The great homonymous 1962 film starring Joan Crawford and Bette Davies is surely much more Machiavellian than the question I am asking today in relation with one of Andy Warhol’s stars of the 60s. Camp stars of the era have a way of disappearing into an incandescence of the mind that regurgitates upon a random twinkling provided by a seemingly irrelevant thing ~such as a new perfume by Bond no.9, called Silver Factory.
As Perfume Shriners may recall, we had announced the new scent recently as the most intriguing thing to come out of the New York niche perfumery for quite some time. In fact it has picked the interest of Perfume Shrine since it made the first bleep on the radar, so there was great anticipation to test it. And then Bond had the courtesy to send a sample along and that anticipation was satiated. With good results I might add.
The idea for the new scent was the Factory, Andy Warhol’s studio; Warhol, whom one would indeed call "the pope of Pop".
The Factory has its own history, an illustrious ~if not notorious~ one. In operation from 1964–1968, Warhol’s original studio, hangout, and club central, it was located in a indifferent looking building on East 47th Street, yet it acquired visual uniqueness with its aluminum-foil walls. Those evoked silver-backed mirrors ~emblems of the narcissism that suffused the times, perhaps. The Silver Factory served as a galvanizing forum for artists, silkscreeners, actors, filmmakers, debutants, activists, hustlers, and misfits, all of whom somehow contributed to the creativity. It was here that Warhol emerged as an avant garde filmmaker, pop art progenitor, and all-around superstar.
Baby Jane Holzer had recently married real estate magnate Leonard Holzer, at the time only twenty-two. It was then that she first met Warhol ~when Nicky Haslam took Warhol to Holzer's Park Avenue apartment for dinner, at which the photographer David Bailey (immortalised in Antonioni’s "Blow Up" film) was also present. Baby Jane's first Warhol film was "Soap Opera" while she went on to such miraculously named things as "Batman Dracula". Of course anything might evolve by the person who made an entire film with someone sleeping for several hours! (which by the way won an award from the cult film magazine "Film Culture", so you know that there is someone out there who will appreciate anything one might do).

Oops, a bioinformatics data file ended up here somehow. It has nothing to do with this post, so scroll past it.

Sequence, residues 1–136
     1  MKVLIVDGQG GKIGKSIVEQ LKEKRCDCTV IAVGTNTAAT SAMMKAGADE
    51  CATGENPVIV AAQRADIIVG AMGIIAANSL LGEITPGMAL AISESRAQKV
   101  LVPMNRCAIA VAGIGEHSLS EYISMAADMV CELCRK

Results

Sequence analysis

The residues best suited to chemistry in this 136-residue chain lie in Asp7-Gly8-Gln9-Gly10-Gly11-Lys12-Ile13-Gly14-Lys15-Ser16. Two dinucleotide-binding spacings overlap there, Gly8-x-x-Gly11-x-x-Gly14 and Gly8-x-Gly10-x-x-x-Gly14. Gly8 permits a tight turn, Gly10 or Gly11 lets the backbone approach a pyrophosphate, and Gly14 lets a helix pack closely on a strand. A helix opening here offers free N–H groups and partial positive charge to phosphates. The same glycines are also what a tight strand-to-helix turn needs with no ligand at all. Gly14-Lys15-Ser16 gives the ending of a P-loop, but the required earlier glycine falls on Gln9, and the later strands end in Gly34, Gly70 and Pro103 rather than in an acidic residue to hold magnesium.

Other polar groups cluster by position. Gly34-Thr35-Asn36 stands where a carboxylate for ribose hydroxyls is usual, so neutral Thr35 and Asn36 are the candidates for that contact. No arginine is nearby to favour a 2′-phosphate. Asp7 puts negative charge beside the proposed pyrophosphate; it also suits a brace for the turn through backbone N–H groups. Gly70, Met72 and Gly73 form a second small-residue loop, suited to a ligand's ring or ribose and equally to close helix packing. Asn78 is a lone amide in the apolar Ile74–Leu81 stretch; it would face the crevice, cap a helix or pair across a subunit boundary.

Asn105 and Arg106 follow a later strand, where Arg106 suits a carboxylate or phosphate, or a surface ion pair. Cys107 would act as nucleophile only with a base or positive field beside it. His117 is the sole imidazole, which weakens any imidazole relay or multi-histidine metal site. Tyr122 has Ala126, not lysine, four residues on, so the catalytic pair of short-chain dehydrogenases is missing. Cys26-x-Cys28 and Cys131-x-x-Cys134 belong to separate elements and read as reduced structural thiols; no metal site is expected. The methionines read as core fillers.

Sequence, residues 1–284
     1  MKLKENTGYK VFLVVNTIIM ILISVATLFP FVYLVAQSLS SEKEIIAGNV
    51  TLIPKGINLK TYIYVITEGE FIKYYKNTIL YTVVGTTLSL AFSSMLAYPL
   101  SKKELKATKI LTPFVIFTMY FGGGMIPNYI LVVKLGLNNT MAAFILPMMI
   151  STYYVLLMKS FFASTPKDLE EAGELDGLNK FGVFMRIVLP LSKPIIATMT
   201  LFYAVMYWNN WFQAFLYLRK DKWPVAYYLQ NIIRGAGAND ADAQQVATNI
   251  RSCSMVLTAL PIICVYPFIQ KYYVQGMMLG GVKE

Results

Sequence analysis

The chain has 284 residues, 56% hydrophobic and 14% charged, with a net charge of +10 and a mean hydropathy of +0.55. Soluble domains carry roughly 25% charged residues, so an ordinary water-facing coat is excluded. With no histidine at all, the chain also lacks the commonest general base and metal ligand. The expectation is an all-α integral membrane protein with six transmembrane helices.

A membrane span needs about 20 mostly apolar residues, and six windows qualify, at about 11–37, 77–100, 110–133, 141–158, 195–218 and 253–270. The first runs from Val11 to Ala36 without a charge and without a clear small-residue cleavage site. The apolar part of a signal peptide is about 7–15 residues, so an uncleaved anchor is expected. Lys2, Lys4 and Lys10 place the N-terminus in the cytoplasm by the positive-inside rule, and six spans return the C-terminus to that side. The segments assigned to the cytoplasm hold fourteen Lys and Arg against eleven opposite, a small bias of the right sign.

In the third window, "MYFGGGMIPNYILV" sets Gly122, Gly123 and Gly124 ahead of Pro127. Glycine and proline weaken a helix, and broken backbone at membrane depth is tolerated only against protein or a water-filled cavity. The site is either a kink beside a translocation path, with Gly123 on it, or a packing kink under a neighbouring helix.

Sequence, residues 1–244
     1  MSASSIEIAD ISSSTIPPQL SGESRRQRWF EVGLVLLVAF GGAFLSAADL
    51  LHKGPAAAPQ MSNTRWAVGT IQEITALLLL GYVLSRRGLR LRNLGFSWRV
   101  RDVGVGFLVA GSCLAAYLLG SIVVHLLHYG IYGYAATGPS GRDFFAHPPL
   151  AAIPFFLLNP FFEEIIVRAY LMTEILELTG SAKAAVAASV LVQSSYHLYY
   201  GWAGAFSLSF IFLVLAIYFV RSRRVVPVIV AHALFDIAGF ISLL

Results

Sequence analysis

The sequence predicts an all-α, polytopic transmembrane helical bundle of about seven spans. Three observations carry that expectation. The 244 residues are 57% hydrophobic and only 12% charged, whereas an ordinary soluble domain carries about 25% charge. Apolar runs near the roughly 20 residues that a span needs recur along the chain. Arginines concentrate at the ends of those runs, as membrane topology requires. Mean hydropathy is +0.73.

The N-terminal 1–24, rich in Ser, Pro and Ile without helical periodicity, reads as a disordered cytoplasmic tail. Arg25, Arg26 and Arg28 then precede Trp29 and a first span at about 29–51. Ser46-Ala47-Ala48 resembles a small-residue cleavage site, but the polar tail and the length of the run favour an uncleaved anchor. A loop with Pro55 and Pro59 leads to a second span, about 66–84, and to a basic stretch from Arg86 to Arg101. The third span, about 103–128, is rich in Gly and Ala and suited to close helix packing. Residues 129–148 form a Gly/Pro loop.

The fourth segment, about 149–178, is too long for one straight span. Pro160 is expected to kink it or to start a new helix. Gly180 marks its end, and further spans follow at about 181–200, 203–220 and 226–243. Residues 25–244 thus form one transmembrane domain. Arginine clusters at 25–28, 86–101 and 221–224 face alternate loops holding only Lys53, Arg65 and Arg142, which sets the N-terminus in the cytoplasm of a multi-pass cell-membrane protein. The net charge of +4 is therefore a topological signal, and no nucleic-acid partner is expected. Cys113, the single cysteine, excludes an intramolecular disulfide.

Still the allure of that period in time, amid Vietnam-war, post-Kennedy-assassination is tangible. The Factory people, Ondine, Billy Name, Joe Dallesandro and most notable in pop mythology -like the Atalante of a young pantheon- none other than the enigmatic Edie Sedwick who died tragically at 28, the subject of the film "Factory Girl" featuring Sienna Miller. Her style of black tights, paired with high heels, skimpy tops, anthracite eyes and the longest earrings she could find made her unique and worth emulating by droves of knowing girls who batted their eyelashes with all the gusto of a speed taking bad gal that doesn’t give a fig for propriety; yet has been raised a good girl by a proper family. And a slight androgynous edge intertwined through it all, befitting the boom of the unisex trend that forever blurred the bounds on which we defined male and female stylistically: the heritage of the 60s, one might say.
This contradiction survives in the new scent Andy Warhol Silver Factory by Bond no.9. The overall character is one of quiet androgyny that is hovering on smooth smoky accords of incense and the subtle warmth of amber. Much like a girl smoking something illicit back in the premises of the Factory or a modern day urbanite residing in a hip address burning incense to the sound of Jefferson Airplane on the speakers, the fragrance has a nostalgic beat drumming paired with a modern woody element that diffuses it somewhat to a soft trail of smoke rings through the air.
Upon sniffing it, a hazy lavender note paired with the greenness of a dry violet meet the nostrils to form an impression of dryness that is immediately met by the mysterious note of incense. Incense is usually associated with churches and crypts and in perfume-speak (which is a peculiar formulaic version of speech, alas) it is desrcibed as “smoky”. However just what the latter denotes here is not reminiscent of any church, but rather the abode of the avant garde who used it as a secret handshake among themselves. That and the drugs of course...
The inclusion of jasmine is not very apparent, so don’t expect a rich floral heart, despite what you might think judging by the notes, although there is the element of a whiff of powder mixed with the smoke, before a slightly sweet note settles down to round this off in a resin embrace.
The Bond promotional material talks of molten silver. I think not, but it does evoke the grey façade of an aluminium-foiled building in which pop mythology was etched for ever after. The visuals alone make it worth sampling.
And just WHAT ever happened to Baby Jane? You can read it here.
Pic of Baby Jane Holzer by Nat Finkelstein (1965) courtesy of Google images. Pic of Edie Sedwick from Vogue courtesy of audartgallery.com